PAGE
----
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The size threshold for “small” business established by the SBA is currently $35.5 million in annual receipts for health insurance issuers. See ‘‘Table of Small Business Size Standards Matched To North American Industry Classification System Codes,’’ effective July 23, 2013, U.S. Small Business Administration, available at http://www.sba.gov.
CMS-9949-F 351 Federally required training or completing continuing education or recertification in FFEs.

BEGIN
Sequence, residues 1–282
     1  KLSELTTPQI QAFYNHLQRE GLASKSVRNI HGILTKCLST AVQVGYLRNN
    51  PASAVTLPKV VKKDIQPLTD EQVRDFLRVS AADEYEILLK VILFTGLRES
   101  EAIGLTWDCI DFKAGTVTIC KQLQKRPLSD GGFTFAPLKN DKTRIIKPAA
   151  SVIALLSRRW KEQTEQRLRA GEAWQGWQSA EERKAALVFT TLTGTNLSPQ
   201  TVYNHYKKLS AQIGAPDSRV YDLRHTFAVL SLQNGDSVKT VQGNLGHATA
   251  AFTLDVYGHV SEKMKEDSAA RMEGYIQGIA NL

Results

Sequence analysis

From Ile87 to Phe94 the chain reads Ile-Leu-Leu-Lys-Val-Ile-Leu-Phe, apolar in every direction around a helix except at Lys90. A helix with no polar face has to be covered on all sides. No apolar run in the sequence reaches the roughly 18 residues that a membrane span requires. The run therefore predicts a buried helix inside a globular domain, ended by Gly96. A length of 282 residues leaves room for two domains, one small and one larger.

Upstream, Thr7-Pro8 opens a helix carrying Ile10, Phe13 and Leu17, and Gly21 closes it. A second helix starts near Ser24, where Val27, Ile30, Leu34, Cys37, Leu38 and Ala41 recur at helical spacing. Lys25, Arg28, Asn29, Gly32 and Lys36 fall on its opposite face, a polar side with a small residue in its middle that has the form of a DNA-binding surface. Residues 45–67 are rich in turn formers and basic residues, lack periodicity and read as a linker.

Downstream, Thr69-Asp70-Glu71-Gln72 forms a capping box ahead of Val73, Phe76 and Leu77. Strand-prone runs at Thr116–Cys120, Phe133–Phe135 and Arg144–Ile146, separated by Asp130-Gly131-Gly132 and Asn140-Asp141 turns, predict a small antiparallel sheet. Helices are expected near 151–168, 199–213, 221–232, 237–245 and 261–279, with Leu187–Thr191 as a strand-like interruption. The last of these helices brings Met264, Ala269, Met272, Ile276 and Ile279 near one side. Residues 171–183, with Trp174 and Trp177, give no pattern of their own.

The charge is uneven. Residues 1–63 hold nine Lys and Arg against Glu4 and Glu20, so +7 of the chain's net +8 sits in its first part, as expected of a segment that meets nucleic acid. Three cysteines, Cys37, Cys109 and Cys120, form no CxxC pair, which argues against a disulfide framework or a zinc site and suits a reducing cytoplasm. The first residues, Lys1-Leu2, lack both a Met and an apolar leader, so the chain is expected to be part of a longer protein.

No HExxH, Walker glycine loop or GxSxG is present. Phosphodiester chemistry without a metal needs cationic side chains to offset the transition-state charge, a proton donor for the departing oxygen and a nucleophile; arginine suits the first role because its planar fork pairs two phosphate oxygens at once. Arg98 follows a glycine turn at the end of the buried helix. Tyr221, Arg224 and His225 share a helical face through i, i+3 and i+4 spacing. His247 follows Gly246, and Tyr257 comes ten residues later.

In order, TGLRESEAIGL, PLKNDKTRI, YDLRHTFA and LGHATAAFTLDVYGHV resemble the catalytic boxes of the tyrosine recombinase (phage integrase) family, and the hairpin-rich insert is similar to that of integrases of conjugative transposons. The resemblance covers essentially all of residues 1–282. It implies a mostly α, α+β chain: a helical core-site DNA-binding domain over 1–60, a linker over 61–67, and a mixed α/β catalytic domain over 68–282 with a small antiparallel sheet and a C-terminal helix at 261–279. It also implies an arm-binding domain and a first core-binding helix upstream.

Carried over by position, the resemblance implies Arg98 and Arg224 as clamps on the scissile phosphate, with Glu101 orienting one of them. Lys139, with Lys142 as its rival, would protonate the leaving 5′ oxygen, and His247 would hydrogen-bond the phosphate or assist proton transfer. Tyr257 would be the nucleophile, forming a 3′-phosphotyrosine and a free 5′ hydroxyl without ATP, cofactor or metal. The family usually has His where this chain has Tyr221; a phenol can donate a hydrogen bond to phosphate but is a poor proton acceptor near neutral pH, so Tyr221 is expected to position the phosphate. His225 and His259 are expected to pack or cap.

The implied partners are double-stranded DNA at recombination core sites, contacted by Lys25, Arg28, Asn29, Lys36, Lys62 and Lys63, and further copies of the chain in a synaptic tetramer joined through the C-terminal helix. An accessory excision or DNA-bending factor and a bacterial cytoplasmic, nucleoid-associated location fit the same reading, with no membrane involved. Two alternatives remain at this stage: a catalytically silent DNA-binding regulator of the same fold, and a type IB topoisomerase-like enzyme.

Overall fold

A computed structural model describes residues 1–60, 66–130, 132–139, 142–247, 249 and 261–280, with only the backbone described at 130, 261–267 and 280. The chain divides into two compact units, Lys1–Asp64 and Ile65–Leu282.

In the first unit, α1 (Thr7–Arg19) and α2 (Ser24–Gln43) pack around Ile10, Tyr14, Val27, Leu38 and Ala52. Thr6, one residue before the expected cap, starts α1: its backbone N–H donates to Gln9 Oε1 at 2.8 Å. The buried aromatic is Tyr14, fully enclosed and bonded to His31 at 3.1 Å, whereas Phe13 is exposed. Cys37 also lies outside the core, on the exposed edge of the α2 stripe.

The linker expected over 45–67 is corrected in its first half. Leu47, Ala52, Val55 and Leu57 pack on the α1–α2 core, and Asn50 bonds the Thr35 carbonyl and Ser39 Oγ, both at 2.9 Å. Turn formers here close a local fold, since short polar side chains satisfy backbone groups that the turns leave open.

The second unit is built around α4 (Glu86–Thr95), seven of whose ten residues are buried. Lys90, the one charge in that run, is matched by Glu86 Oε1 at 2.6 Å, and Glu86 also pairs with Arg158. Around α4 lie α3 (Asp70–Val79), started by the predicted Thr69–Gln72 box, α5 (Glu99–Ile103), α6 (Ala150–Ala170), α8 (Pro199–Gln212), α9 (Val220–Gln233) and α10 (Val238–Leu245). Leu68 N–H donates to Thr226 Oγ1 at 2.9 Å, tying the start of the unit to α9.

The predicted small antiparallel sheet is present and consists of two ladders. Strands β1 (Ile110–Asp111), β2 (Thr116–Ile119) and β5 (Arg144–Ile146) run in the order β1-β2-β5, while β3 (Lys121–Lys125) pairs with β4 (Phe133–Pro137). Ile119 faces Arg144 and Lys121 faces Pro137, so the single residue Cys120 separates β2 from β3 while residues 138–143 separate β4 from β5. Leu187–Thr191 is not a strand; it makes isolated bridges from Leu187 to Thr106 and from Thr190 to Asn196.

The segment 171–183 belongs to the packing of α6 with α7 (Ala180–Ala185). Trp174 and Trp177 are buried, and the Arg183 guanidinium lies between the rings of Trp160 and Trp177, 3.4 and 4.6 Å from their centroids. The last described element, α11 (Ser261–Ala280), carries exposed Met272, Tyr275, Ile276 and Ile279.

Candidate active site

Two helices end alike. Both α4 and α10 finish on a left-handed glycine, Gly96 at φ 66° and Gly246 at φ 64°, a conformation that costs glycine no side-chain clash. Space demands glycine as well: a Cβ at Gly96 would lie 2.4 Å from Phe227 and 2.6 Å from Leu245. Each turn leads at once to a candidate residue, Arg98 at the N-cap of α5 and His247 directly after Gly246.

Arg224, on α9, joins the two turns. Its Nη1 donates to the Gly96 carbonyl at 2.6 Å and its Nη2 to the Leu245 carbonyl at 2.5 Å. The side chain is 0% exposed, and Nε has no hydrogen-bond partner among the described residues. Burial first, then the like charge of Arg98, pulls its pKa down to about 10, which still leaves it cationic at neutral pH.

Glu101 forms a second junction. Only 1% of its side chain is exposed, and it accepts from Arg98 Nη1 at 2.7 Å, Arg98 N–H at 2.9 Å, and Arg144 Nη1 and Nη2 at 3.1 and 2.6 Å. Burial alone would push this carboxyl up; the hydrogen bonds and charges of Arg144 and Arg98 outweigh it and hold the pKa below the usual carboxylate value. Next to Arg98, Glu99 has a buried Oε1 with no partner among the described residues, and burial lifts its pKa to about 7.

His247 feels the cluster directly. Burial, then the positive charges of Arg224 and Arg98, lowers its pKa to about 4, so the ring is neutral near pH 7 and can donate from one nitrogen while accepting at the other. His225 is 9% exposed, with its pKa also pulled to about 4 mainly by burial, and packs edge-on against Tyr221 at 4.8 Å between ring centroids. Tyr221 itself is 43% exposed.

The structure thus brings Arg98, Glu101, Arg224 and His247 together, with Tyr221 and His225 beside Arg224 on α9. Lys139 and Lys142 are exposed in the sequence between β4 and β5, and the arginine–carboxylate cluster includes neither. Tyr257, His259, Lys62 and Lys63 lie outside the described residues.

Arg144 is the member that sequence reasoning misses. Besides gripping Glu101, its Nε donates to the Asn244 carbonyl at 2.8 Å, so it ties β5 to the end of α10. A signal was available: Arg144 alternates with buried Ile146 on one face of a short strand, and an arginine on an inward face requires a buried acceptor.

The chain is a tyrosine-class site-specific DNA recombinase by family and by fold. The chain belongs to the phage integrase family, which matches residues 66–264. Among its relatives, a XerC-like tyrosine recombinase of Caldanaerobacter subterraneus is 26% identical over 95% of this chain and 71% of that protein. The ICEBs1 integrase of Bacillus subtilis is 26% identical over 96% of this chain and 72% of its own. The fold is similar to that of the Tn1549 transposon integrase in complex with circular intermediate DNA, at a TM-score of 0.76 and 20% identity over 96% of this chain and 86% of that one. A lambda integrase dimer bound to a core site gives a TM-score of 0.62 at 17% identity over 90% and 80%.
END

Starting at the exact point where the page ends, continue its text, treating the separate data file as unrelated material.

Further, the cost burden related to continuing education and recertification, and recordkeeping will generally be considered an allowed cost that will be covered by the Navigator grants for the FFEs, and these grant funds may be drawn down as the grantee incurs such costs. The costs associated with these proposals may also be covered by other compensation provided by an Exchange, such as payments through contracts to non-Navigator assistance personnel. Though it is very likely that all costs associated with these proposals will be largely covered by affected entities’ and individuals’ funding sources, HHS cannot guarantee that all such costs will be covered because of the possibility of budget limitations applicable to the FFE in any given period, and because there may be variations in how State Exchanges provide funding for these programs. To the extent that all such costs will not be covered by these funding sources, other outside sources may also be available to cover unfunded costs that remain. Costs incurred by designated certified application counselor organizations related to continuing education and recertification and recordkeeping are expected to be low. In some circumstances funds from sources outside of the Exchange, including Federal funds such as Health Resources and Services Administration (HRSA) grants to health centers, or private or State funds may be available to cover certified application counselor costs.